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Utilities Are Safer Bets When the Market Plays Spoilsport

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Utilities are those almost boring stocks that don’t do anything exciting when everything else seems to be on fire. That’s because they are the guys that deliver your gas or electricity or water and such things day upon day, month upon month and year upon year.

You can’t expect them to start growing super-fast just because other things happen to be, because the number of homes, offices, commercial places, etc. don’t increase at such a high pace. Nor is it easy to lay out and maintain the expensive infrastructure that’s a prerequisite to providing these amenities. Because they carry such a lot of fixed assets, utilities also tend to have a considerable amount of debt.

On the other hand, these services are essential, you can’t do without them. Therefore, demand doesn’t vary too much, even in a bear market, or a recession. This steady revenue stream allows most utilities to pay a nice dividend that some even increase every year. Thus, in a bear market, utilities often get compared with other fixed income assets, and in a situation such as we have today, investors jumping out of other equities often end up piling into these stocks. And it does help to control volatility since these stocks are way more stable than the overall market.

Given its capital-intensive nature and debt load, the rising interest rate doesn’t do the sector any favors. This may be (justifiably) overlooked by investors as they add some utility stocks to their portfolios for stability and income.   

Not all utilities are the same, of course. Today, I’ve picked the gas distributors because I think they’re relatively better positioned than the others. Not only do they have the same steady revenue streams that the others have, but they also have some tailwinds, being connected with the heated energy market. Demand is particularly strong in the electric power sector this year although consumption has increased across markets, according to the EIA.

Overall, LNG consumption will increase 4.3% this year because of this strength. In 2023, consumption will drop 2.2% as industrial and electrical power sector demand normalizes. Clean energy initiatives by governments and consumers is a major factor driving demand for LNG.

The following companies offer exposure to this attractive industry, which Zacks has placed in the top 28% of the 250+ industries it has classified. Our research shows that any buy-ranked stock belonging to the top 50% of industries has a good chance of upside. Although utility stocks typically don’t appreciate abruptly, the current environment is supportive, so investing in them may help preserve capital.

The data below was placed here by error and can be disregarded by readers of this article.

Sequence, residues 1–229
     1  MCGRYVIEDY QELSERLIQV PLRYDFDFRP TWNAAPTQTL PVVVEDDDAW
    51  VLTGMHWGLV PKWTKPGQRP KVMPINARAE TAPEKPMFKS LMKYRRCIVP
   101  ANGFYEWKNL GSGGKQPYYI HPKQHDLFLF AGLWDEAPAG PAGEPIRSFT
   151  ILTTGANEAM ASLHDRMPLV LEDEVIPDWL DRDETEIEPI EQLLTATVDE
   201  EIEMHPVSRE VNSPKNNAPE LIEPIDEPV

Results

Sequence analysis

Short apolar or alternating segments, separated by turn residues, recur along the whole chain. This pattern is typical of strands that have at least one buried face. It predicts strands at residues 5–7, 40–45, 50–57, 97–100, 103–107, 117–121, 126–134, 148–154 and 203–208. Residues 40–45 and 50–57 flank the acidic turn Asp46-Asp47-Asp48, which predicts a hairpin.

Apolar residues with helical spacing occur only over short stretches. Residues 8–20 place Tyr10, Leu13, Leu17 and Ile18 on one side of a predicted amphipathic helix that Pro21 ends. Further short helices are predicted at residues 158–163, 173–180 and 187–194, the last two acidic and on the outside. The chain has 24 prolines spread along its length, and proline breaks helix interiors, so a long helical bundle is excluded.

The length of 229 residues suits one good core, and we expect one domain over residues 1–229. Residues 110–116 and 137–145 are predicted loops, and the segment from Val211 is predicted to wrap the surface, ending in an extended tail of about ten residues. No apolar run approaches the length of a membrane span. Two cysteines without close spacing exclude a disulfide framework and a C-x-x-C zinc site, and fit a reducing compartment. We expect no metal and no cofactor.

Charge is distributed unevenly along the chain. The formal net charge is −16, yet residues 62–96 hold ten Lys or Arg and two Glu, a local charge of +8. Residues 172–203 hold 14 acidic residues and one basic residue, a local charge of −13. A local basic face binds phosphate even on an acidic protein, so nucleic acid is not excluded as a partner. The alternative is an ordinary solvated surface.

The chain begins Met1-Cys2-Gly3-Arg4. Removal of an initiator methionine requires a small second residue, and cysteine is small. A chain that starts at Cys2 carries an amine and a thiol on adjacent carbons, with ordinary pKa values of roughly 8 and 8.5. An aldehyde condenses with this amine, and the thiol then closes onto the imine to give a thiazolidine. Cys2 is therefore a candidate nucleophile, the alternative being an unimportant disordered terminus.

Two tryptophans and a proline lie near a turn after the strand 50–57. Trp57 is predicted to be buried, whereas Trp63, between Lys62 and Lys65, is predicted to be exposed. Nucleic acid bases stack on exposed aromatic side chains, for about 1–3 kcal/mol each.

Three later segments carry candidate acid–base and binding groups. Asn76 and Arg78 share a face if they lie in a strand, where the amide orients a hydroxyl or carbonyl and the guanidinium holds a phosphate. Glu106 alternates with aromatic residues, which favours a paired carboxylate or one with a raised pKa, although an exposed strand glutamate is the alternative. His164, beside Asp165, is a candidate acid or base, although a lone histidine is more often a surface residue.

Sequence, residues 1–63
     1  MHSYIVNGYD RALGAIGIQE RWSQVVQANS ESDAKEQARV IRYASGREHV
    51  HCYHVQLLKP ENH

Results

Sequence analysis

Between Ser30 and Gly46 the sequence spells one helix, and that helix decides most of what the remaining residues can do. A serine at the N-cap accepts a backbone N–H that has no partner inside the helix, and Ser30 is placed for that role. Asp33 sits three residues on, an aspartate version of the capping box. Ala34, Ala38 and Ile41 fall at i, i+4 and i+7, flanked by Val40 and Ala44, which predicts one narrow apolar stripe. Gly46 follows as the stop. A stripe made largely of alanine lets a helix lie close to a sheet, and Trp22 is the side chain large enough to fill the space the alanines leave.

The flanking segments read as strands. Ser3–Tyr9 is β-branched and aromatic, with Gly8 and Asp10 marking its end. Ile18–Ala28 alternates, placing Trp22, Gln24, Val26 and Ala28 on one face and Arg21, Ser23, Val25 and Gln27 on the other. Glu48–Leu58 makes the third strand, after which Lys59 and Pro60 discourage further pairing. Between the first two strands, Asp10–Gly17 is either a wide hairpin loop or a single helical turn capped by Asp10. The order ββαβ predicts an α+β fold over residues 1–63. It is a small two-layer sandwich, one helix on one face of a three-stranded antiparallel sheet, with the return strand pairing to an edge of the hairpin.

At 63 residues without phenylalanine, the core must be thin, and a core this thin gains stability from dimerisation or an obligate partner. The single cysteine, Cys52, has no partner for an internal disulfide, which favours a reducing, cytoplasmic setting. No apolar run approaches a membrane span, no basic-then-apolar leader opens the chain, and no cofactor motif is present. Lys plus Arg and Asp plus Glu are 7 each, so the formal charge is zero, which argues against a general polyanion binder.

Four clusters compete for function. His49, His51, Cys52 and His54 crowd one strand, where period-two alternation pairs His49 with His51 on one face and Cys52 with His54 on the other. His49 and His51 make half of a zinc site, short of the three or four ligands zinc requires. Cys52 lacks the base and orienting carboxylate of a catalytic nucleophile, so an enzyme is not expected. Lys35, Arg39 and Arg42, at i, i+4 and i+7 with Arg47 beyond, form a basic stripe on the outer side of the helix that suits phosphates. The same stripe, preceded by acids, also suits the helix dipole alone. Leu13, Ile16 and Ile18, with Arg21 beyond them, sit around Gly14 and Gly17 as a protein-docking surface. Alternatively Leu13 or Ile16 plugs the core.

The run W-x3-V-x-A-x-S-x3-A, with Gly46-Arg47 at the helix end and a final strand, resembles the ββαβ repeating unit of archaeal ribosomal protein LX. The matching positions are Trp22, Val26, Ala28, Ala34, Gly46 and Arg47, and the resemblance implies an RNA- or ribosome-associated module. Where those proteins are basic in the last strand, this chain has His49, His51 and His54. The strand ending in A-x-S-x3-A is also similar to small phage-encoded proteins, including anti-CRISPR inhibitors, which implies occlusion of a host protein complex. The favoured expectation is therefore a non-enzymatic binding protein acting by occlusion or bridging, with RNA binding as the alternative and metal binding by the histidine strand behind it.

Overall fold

South Jersey Industries, Inc. (SJI - Free Report) : The Zacks #2 ranked stock reported a 5 cent profit in the last quarter, which bettered the 0 cents estimated. Its 2022 and 2023 estimates have increased 3 cents and 1 cent, respectively, in the last 60 days. Revenue and earnings are currently expected to grow in both in 2022 and 2023. Its dividend yields 3.62%.

New Jersey Resources Corp. (NJR - Free Report) : New Jersey Resources’ 4 cent loss in the last quarter disappointed the street, which was expecting an 8-cent profit. But analysts raised the 2022 estimate by 10 cents (4.2%) in the last 60 days and the 2023 estimate by a couple of cents.

As of now, 2022 revenue and earnings are expected to grow while 2023 numbers are expected to be flattish. The shares have appreciated 8.2% year to date. New Jersey Resources also pays a dividend that yields 3.19%. The shares carry a Zacks Rank #2.

Atmos Energy Corp. (ATO - Free Report) : The Zacks #2 (Buy) ranked stock beat estimates by 7.0% last quarter. Both 2022 and 2023 estimates have increased by a couple of cents since. Analysts are looking for revenue and earnings growth both in 2022 and 2023. The shares have appreciated 10.0% year to date, which is better than the S&P 500’s 18.9% decline. Its dividend currently yields 2.36%.

Chesapeake Utilities Corp. (CPK - Free Report) : Zacks #2 ranked Chesapeake Utilities beat June quarter estimates by 8.6%. Its 2022 estimate has increased 5 cents in the last 60 days although there’s no change in the 2023 estimate. Revenue and earnings are currently expected to grow both this year and in the next. Its dividend yields 1.66%.

One-Month Price Performance

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